On a positive note, some regions of India have a relatively wet climate, even in the most arid regions. However, with no rain catchment programs in place, most of the water is displaced or dried up instead of used. In these areas, rain harvesting could be one solution for water collection which can be immediately used for agriculture and human consumption after filtration.
Israel’s Water Miracle
Israel is a world leader when it comes to water management. The country has a holistic, centralized water management system. But can Israel really help solve these problems at a global level?
The answer is yes.
According to Seth Siegel, author of the best-selling book “Let There Be Water”, “Israel should have been a water basket case.” Listing its problems he argues that 60 percent of the land is desert and the rest is arid. Rainfall has fallen to half its 1948 average, apparently thanks to climate change, and as global warming progresses, Israel and the whole Levant are expected to become even drier – and from 1948, Israel’s population has grown 10-fold. During that time, the country’s economy grew 70-fold. But instead of starting to waste water, as happens when a society becomes wealthier, it used its new affluence to implement the “the Israel model” of water management.
After the formation of Israel in 1948, Israeli leaders were forced to make almost immediate innovations to solve the water crisis. The nation employed scientists and engineers to design ways to reduce its demand for water, increase efficiency and create more usable water. In the span of a decade, Israel went from using no desalinated water to treating enough to make up 94 percent of household water use.
During PM Narendra Modi’s Israel visit in 2017, two MoU’s to resolve water management issues were signed between the Ministry of Drinking Water and Sanitation of India and the Ministry of National Infrastructure, Energy and Water Resources of the State of Israel on National Campaign for Water Conservation in India.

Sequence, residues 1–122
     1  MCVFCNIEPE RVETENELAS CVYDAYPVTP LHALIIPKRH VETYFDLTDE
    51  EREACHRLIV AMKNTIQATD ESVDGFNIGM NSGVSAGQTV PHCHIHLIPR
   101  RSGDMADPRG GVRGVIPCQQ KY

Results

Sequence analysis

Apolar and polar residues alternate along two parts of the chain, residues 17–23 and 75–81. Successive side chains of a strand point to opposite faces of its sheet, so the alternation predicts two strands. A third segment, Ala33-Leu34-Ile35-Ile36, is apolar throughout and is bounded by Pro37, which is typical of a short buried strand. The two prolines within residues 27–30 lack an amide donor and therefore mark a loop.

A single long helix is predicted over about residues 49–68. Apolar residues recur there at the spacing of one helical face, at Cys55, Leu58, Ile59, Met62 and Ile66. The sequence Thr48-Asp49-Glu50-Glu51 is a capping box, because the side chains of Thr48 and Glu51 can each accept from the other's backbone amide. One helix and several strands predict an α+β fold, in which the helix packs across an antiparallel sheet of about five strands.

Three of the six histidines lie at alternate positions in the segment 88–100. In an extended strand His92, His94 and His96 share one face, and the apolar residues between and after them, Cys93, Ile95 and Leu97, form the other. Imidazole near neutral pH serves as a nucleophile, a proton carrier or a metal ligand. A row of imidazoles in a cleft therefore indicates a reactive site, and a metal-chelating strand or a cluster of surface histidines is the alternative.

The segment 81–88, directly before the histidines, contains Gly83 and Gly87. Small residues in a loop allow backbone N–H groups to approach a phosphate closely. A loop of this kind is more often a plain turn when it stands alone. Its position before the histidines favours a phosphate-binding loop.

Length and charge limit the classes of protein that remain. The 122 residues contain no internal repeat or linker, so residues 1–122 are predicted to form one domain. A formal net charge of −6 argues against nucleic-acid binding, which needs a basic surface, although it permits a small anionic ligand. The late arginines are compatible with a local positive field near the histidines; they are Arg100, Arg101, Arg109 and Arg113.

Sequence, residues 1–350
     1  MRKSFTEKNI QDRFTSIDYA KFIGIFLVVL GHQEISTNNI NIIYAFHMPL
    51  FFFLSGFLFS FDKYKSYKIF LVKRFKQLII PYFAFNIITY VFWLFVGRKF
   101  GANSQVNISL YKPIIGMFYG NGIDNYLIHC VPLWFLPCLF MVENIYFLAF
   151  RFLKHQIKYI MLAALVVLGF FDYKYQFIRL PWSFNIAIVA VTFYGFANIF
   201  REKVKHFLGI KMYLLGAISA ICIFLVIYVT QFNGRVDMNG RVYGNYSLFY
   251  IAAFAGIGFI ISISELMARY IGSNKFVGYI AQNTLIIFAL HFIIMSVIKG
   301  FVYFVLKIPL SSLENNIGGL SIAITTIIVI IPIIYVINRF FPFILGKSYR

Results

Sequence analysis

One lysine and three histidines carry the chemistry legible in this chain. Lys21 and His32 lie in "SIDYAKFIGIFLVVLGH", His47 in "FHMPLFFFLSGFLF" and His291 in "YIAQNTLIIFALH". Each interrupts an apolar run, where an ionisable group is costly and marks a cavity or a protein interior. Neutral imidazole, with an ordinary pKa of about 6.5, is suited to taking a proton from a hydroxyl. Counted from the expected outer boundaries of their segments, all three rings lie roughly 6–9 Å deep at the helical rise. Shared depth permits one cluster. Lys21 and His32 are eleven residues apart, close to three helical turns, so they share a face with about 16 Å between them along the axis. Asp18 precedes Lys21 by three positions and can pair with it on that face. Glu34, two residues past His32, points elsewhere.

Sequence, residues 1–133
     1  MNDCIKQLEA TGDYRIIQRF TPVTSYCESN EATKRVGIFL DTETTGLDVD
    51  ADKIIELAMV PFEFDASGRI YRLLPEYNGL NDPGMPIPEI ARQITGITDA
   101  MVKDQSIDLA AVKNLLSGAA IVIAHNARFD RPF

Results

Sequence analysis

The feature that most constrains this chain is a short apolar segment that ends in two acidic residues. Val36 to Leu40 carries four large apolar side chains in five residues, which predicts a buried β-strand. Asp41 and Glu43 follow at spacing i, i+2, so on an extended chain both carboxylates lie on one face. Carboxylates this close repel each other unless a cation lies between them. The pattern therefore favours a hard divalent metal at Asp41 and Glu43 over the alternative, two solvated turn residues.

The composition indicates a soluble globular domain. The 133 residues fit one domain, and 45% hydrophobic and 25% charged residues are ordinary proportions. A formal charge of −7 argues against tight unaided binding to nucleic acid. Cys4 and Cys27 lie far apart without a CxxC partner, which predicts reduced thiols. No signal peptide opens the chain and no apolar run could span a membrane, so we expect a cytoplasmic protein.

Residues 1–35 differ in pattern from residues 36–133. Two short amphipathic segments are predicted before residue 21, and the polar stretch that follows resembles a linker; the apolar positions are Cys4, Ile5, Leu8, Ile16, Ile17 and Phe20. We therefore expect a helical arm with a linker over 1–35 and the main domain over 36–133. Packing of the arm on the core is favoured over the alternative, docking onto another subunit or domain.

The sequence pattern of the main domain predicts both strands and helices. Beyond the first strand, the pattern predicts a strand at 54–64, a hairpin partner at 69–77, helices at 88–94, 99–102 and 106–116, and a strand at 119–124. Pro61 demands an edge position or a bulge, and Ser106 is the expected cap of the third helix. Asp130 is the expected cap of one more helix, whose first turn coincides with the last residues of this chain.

The MoU was also signed by U.P. Jal Nigam, Government of Uttar Pradesh, and the Ministry of National Infrastructure, Energy and Water Resources of the State of Israel on State Water Utility Reform in India.
At a time when many countries are facing drought and critical water shortages, Israel now recycles nearly 90 percent of its wastewater, around four times higher than any other country in the world, according to Israel’s Minister of Strategic Affairs and Public Diplomacy Gilad Erdan.
Israel has developed several systems to save water. The drip irrigation system, invented in Israel, that has become known world-wide, is responsible for 90 percent of agricultural irrigation.
India is already encouraging drip’s adoption through subsidies and the country needs to do a lot more to conserve this precious commodity.
Tel Aviv is also working on a master plan looking ahead 30 to 40 years, so that the country’s’ the Water Authority can provide enough water for a growing population.
Like gold and oil, water is a commodity – and it happens to be rather scarce. Rapid industrialization and increasing agricultural use have contributed to worldwide water shortages. Areas that have experienced water shortages include China, Egypt, India, Israel, Pakistan, Mexico, parts of Africa and the United States (Colorado, California, Las Vegas and the East Coast), to name but a few.
The water crisis in Cape Town is eye-opening, and an indication of the panic and also what lies ahead in the future.